When it comes to tunneling, the City of Joliet, Ill., may not have the wealth of experience that some other, major urban centers may have. After all, there are no subways to dig, no mountains to traverse. But that doesn’t mean it can’t tackle a tricky project. Recently, the City successfully completed a bore under the Des Plaines River as part of its program to improve water quality.
The keys to success? Proper planning, assembling a strong team and collaboration.
At first glance, the project looked fairly routine: build an 865-ft tunnel, 111.5 in. in diameter, underneath the Des Plains River. But there was one interesting wrinkle. Due to the fact that the river was channelized in the 1920s, the eastern shaft elevation was lower than the elevation of the river. That meant that if any water from the river found its way into the tunnel, there would be a potential for large-scale flooding.
Recognizing this potential, the City worked with the contractor, Triad
/Midwest Mole JV,
to develop a unique pilot bore approach to verify the ground conditions along the tunnel route, ensuring that tunneling could be constructed without risk of flooding. With peace of mind, the tunnel was then successfully bored, moving Joliet one step closer to improving water quality in the Des Plaines.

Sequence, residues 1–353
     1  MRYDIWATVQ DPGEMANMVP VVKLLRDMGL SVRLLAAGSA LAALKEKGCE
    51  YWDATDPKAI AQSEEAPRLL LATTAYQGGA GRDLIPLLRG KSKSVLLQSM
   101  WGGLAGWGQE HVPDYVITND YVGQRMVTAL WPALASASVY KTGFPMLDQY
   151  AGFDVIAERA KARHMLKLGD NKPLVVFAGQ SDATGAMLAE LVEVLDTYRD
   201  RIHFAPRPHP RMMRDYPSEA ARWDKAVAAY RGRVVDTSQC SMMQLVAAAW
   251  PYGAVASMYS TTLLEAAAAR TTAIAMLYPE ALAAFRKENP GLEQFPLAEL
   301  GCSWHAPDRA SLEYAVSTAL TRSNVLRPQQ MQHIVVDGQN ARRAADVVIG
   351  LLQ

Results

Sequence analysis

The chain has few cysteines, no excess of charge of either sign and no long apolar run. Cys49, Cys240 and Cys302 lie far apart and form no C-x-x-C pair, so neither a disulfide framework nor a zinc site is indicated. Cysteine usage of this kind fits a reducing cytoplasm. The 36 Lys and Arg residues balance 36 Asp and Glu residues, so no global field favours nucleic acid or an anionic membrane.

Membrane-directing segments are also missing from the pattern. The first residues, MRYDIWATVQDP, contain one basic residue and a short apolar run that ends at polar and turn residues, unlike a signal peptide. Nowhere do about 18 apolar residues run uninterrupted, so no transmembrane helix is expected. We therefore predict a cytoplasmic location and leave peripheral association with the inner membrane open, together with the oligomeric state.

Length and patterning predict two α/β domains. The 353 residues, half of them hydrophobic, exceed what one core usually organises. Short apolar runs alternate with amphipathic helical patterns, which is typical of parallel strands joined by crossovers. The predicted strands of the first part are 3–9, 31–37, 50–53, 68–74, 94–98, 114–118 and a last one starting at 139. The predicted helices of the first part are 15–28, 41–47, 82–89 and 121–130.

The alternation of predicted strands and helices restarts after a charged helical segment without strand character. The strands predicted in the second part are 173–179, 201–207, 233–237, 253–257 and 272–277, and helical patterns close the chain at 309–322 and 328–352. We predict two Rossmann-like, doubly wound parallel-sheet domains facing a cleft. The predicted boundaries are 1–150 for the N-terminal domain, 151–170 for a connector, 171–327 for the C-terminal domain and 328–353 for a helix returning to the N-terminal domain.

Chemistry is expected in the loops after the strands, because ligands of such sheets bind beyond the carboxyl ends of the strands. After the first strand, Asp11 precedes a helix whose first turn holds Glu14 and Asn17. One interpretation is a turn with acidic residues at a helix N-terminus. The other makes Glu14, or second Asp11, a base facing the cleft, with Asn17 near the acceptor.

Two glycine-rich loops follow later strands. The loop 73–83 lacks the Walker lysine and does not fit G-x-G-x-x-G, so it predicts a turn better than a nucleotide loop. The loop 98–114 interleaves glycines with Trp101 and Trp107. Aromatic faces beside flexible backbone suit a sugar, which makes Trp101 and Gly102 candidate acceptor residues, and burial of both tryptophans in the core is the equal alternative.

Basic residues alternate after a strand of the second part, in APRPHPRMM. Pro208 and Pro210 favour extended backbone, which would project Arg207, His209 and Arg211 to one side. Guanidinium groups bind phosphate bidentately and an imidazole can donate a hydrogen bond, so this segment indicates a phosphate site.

The area that is now Joliet was first settled in the 1830s and was incorporated as a city in 1852. Like in many other eastern and Midwestern cities of the day, combined sewers – containing both sanitary and storm water flows – were built in the city’s core. The Des Plaines River Crossing is part of Phase II of Joliet’s long-term control plan to capture excess storm water flow and convey it to a new wet weather treatment facility.
The new tunnel will convey excess flows from the western side of the river to the eastern side, site of the existing treatment plant, as well as the future wet weather facility. The City of Joliet worked with consulting firm Strand Associates in the development of the long-term control plan, which included the construction of the tunnel.
Once the tunnel project advanced to the design phase, Mott MacDonald
was brought in to perform a risk analysis and was later retained as resident engineer in a joint venture with V3.
“While a tunnel of this length and diameter may not be considered big within the tunneling world, for us it was a significant undertaking,” said Allison Swisher, civil engineer, City of Joliet. “Not only was this our first tunnel, but the potential of flooding added a level of concern going into the project.”